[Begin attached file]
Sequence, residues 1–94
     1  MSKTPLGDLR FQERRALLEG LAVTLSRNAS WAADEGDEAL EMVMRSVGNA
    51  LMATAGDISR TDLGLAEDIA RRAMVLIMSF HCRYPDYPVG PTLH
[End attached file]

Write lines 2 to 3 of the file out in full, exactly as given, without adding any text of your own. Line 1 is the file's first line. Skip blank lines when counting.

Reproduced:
     1  MSKTPLGDLR FQERRALLEG LAVTLSRNAS WAADEGDEAL EMVMRSVGNA
    51  LMATAGDISR TDLGLAEDIA RRAMVLIMSF HCRYPDYPVG PTLH